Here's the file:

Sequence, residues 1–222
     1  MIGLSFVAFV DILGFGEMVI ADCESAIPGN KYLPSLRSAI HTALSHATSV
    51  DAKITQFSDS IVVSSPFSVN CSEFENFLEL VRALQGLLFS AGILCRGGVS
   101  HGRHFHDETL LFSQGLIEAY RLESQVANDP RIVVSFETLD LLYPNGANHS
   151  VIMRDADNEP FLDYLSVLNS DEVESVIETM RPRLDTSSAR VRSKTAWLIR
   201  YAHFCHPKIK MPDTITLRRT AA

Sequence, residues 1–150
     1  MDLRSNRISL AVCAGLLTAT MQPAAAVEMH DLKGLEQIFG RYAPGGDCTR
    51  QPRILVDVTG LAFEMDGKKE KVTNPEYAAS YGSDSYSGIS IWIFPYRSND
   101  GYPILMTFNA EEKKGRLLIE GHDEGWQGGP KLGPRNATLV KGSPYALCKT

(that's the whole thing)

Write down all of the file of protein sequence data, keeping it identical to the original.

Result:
Sequence, residues 1–222
     1  MIGLSFVAFV DILGFGEMVI ADCESAIPGN KYLPSLRSAI HTALSHATSV
    51  DAKITQFSDS IVVSSPFSVN CSEFENFLEL VRALQGLLFS AGILCRGGVS
   101  HGRHFHDETL LFSQGLIEAY RLESQVANDP RIVVSFETLD LLYPNGANHS
   151  VIMRDADNEP FLDYLSVLNS DEVESVIETM RPRLDTSSAR VRSKTAWLIR
   201  YAHFCHPKIK MPDTITLRRT AA

Sequence, residues 1–150
     1  MDLRSNRISL AVCAGLLTAT MQPAAAVEMH DLKGLEQIFG RYAPGGDCTR
    51  QPRILVDVTG LAFEMDGKKE KVTNPEYAAS YGSDSYSGIS IWIFPYRSND
   101  GYPILMTFNA EEKKGRLLIE GHDEGWQGGP KLGPRNATLV KGSPYALCKT